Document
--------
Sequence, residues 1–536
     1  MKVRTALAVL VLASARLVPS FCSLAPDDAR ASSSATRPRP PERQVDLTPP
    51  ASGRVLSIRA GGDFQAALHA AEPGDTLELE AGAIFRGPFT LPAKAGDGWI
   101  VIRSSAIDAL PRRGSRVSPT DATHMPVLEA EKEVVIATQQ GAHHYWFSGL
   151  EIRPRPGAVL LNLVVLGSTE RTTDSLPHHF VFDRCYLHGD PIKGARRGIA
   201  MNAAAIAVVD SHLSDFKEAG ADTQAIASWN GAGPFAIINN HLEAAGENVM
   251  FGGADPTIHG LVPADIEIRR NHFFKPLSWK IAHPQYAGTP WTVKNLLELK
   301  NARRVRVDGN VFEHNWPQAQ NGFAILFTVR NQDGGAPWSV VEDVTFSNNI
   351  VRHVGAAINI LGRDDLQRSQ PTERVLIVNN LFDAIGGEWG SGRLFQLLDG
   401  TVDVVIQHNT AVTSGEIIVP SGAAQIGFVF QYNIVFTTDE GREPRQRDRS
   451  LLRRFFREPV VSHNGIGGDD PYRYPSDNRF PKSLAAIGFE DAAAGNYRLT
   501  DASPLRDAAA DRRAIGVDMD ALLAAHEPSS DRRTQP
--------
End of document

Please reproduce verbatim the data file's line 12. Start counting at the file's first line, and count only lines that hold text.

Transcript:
   501  DASPLRDAAA DRRAIGVDMD ALLAAHEPSS DRRTQP